1. Rami Khalil, founder of Liquidity Network (Egypt)
Having graduated from school in Alexandria, Rami Khalil earned a scholarship from the German University in Cairo where he studied Computer Science and embarked on his journey of self-discovery. He discovered he's a blockchain entrepreneur.
After graduation he flew to the USA to develop his skills with the help of international giants such as Facebook, where he trained from September to December 2017. But his academic journey didn't stop there. Khalil embarked on another journey in Zurich, Switzerland, where he studied Information Security. The idea for Bitcoin Egypt was born out of the research he was doing for his master’s degree in information security, which was focused on a topic within bitcoin called payment channels.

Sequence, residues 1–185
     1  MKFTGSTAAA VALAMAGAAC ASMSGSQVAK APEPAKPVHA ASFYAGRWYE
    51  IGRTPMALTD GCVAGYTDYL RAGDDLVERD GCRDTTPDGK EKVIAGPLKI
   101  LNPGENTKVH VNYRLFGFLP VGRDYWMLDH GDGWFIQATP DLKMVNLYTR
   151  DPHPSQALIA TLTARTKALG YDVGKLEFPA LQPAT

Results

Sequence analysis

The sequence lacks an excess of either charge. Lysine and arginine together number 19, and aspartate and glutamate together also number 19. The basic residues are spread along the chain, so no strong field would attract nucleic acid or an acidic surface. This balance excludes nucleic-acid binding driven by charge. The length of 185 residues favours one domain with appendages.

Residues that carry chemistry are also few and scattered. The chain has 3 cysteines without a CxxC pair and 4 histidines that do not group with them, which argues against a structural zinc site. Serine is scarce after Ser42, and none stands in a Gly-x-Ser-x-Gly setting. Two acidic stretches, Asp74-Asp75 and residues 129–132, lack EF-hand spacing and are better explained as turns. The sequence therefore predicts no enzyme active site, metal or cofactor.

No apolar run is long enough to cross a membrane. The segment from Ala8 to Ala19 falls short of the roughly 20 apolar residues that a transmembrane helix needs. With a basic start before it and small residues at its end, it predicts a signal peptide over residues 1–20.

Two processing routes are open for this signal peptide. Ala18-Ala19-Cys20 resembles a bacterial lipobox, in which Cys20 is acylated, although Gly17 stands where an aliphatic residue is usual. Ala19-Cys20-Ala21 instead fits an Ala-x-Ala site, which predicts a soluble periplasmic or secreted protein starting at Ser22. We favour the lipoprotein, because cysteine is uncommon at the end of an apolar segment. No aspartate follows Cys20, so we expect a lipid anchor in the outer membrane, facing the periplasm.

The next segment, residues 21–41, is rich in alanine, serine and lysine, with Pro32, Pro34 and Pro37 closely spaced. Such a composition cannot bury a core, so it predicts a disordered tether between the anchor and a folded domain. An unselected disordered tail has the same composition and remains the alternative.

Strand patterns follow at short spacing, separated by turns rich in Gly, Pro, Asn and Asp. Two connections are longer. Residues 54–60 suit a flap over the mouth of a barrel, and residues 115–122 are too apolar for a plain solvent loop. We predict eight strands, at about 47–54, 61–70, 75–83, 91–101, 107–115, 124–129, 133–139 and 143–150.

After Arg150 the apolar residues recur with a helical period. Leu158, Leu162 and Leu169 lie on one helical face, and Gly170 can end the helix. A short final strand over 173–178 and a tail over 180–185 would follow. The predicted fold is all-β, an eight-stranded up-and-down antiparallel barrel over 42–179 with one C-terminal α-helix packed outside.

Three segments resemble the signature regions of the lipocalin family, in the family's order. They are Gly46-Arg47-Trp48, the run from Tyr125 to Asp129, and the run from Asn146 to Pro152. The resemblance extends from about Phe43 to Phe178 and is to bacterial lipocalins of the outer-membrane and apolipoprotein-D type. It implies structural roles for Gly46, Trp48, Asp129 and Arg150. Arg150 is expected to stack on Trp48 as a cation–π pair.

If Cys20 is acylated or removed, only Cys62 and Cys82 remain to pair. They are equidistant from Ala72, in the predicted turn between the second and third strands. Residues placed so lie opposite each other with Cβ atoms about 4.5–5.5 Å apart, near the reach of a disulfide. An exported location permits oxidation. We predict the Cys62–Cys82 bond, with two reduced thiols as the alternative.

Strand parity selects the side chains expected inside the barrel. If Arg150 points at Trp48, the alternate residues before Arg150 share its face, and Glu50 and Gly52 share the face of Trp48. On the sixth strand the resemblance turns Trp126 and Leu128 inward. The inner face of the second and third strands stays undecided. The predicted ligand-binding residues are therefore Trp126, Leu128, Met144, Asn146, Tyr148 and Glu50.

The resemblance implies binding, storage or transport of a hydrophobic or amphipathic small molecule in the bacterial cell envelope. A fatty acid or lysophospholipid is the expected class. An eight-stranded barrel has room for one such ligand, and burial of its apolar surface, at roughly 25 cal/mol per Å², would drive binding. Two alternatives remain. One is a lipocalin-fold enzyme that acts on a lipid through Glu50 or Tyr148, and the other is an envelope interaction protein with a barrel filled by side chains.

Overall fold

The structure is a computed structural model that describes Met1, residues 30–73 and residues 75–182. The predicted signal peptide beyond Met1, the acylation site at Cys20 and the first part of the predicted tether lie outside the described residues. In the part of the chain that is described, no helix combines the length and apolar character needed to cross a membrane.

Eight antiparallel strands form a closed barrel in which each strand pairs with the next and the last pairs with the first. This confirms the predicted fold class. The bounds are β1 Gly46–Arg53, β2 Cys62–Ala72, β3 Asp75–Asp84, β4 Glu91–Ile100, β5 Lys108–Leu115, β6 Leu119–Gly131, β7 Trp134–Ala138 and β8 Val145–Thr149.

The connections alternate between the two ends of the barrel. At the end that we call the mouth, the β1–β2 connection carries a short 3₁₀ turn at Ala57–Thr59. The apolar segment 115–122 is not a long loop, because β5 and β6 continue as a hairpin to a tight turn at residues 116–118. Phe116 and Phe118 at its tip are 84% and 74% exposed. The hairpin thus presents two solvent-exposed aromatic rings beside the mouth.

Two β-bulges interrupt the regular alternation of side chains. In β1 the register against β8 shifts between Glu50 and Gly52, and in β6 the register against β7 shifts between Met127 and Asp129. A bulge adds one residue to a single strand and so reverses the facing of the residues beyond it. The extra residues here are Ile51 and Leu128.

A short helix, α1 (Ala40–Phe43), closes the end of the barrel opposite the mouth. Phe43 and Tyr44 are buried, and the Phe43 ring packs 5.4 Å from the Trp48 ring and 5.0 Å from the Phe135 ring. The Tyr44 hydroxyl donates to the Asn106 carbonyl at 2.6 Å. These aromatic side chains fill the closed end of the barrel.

“I had created a publication called 'Revive' that enables a network of payment channels to correct itself in a particular way. From here, I started to develop an interest in bitcoin,” he tells us, as he recalls the inception of the company he almost established with his partner, Omar Abdel-Rassoul, a year ago. “We were totally ready to start with the cryptocurrency exchange.”
The Egyptian bank in which Bitcoin Egypt was registered in called Abdel-Rassoul to inform him that they will be closing his company’s account and that he will need to empty out the remaining funds. Abdel Rassoul called Khalil in Switzerland right away. “I was in Zurich at the time, just done with my exams and waiting for a US Visa to go do an internship at Facebook in California,” Khalil says.